Phil Steele's 2016 "Turnovers=Turnaround" article: Michigan set to improve

Submitted by markusr2007 on July 16th, 2015 at 1:55 PM

Phil Steele published his popular "Turnovers = Turnaround" piece today.


One of the most popular articles that appears annually in my magazine is entitled “Turnovers=Turnaround.”  The basic premise of the article is simple:  teams that benefit from a large turnover margin in a particular year are not likely to enjoy that same margin in the upcoming year.  As a result, a team’s record is more likely to decline if it relied heavily upon turnovers as a core basis for winning.  Conversely, a team that struggles with an unfavorable turnover margin will often experience a reversal of fortunes.  Since turnover margin is such a critical factor in a football game, a change in turnover margin can lead to dramatically different results.

This is not to say that turnovers are a complete fluke.  In fact, certain teams have been able to create turnovers somewhat consistently on a year-to-year basis, usually via interceptions as opposed to fumbles.  Again, fumbles are not completely random and some teams are better than others at stripping (or protecting) the ball, but it is a bit of a toss-up as to whether a team will be able to recover a fumble once an oblong ball starts bouncing around on the ground.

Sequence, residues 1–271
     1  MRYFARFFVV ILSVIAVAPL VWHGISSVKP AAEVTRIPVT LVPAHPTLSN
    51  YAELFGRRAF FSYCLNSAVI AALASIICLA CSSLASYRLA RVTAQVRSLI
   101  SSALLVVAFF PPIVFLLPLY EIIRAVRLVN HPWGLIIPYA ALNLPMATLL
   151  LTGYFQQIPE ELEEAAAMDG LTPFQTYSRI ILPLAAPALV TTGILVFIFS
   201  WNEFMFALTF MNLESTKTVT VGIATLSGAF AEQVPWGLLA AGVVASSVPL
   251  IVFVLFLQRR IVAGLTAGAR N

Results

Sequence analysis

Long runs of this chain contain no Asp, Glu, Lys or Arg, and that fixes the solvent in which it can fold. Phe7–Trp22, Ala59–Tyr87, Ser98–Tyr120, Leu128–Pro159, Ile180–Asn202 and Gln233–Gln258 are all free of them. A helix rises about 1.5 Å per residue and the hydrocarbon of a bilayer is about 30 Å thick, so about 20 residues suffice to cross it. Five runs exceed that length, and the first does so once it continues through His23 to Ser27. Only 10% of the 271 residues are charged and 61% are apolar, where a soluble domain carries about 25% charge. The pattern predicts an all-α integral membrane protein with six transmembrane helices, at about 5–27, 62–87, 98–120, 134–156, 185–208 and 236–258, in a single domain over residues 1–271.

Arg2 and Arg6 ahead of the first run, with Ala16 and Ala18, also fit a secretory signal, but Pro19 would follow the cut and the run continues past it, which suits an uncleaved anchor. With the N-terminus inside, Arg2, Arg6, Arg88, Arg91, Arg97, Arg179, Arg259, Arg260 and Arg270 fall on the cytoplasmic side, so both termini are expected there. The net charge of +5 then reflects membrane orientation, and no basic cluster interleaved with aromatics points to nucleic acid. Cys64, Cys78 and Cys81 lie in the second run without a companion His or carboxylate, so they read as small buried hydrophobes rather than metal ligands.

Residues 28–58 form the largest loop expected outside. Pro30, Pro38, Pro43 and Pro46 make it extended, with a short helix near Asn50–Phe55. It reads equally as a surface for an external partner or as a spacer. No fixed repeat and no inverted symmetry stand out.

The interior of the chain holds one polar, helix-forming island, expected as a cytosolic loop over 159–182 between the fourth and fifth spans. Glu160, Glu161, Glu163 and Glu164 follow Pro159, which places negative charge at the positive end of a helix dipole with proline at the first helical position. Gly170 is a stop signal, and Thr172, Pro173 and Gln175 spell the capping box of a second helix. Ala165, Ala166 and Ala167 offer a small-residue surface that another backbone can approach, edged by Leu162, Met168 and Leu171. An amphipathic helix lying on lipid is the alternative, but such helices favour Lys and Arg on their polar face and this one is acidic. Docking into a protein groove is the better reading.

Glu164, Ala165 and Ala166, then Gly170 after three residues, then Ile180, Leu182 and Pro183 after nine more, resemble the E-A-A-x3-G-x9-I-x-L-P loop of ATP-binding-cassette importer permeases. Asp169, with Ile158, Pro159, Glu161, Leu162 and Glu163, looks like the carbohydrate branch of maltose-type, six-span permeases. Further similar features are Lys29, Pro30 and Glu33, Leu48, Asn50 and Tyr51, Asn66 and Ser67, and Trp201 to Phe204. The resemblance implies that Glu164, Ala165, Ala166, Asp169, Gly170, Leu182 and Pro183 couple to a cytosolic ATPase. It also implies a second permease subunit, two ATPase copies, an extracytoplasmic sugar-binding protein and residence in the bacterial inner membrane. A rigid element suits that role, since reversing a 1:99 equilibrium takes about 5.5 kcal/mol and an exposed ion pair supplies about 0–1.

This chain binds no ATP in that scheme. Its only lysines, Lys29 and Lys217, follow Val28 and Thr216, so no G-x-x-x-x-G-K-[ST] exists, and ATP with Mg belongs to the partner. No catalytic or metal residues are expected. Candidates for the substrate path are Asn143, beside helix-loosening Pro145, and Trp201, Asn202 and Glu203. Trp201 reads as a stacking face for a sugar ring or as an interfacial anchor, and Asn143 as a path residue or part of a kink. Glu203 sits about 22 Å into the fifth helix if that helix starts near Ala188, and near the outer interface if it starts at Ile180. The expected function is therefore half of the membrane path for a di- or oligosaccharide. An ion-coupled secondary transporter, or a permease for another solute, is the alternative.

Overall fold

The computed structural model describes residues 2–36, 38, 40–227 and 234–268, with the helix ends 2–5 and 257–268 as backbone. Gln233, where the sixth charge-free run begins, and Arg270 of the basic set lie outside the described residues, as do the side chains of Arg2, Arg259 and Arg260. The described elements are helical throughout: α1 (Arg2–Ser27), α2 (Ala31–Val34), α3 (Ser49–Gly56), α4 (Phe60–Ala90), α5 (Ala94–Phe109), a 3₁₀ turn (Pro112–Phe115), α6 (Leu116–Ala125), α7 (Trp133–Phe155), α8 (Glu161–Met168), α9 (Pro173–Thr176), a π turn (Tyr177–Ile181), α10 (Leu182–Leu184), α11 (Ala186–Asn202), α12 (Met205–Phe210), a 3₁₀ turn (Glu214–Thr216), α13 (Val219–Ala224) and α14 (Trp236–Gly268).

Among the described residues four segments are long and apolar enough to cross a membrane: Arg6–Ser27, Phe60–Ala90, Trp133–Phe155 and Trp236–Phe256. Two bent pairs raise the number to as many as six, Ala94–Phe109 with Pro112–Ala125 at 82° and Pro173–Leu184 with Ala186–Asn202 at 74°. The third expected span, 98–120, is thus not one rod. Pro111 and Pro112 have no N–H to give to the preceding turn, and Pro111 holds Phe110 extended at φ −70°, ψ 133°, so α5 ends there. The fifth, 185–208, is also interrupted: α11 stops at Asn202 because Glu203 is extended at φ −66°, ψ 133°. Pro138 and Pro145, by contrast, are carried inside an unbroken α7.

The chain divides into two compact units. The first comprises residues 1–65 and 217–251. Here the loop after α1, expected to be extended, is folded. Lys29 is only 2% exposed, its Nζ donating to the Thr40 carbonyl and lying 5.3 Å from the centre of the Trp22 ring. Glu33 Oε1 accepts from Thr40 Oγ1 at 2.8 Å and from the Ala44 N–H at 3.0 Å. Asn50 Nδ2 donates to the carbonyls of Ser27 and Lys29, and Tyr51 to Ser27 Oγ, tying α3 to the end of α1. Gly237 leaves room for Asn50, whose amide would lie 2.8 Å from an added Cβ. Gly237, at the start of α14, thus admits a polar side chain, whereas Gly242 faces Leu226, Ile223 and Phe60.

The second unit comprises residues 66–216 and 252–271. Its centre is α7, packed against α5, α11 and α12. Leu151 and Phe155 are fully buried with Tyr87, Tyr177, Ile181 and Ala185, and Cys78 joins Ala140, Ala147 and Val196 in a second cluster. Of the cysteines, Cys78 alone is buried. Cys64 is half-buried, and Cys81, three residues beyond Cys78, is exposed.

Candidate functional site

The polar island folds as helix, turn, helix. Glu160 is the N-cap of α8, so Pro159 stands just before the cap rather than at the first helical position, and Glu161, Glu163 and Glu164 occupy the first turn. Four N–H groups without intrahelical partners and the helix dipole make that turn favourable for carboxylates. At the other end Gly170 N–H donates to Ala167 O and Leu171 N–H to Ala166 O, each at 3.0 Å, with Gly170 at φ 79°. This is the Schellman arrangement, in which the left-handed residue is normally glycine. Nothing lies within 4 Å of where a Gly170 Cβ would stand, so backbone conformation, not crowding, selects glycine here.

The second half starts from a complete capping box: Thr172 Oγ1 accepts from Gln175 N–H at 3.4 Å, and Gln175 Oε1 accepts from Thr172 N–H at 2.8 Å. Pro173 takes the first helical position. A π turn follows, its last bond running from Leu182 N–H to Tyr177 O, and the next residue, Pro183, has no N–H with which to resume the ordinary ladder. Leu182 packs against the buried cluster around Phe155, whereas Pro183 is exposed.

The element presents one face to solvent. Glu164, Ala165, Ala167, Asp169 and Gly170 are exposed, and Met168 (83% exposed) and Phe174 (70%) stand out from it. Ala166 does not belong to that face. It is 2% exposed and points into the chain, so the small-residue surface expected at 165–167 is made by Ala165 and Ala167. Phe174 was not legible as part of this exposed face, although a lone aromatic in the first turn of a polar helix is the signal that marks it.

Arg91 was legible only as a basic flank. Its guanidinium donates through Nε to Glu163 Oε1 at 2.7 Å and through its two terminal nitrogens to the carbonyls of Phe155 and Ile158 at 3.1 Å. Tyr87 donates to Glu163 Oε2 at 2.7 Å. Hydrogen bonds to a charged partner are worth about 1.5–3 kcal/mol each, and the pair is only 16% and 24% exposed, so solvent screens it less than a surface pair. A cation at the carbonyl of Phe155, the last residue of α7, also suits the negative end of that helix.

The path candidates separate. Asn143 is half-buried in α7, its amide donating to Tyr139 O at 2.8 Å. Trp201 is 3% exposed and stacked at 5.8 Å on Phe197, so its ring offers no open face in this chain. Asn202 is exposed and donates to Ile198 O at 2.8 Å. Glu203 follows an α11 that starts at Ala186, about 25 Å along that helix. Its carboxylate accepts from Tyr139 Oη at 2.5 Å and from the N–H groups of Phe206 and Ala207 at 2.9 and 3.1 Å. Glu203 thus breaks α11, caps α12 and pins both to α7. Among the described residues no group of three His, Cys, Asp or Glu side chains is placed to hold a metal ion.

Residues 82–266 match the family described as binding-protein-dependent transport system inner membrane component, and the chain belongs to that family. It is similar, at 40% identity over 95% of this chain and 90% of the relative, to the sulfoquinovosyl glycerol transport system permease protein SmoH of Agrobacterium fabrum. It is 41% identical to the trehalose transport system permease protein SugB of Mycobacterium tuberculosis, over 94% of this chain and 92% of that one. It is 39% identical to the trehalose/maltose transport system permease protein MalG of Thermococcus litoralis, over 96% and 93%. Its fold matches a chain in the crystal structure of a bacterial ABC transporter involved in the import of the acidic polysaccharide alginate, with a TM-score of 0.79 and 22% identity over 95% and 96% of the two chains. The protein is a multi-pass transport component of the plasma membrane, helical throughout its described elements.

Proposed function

The examples are limitless but the core theory is simple and has proven to be accurate year-in and year-out.

Going Down?
Oregon +23
Michigan State +19
TCU +18
Georgia +16
Louisiana Tech +16
Arizona State +14
Baylor +13
Northern Illinois +12
Washington +12
FIU +11
Georgia Tech +11
Memphis +11
Nevada +11
USC +11

Going Up?
Georgia State -22
Eastern Michigan -18
Washington State -17
Michigan -16
Vanderbilt -16
West Virginia -15
SMU -14
Connecticut -13
New Mexico State -13
Texas Tech -13
San Jose State -12
Idaho -11
Colorado -10
Southern Mississippi -10



July 16th, 2015 at 2:00 PM ^

season:  Harbaugh coaching quarterbacks alone ought to help.  (And that improvement ought to help with the record, too.) 

Anyone want to take the bet?  House for house?


July 16th, 2015 at 2:33 PM ^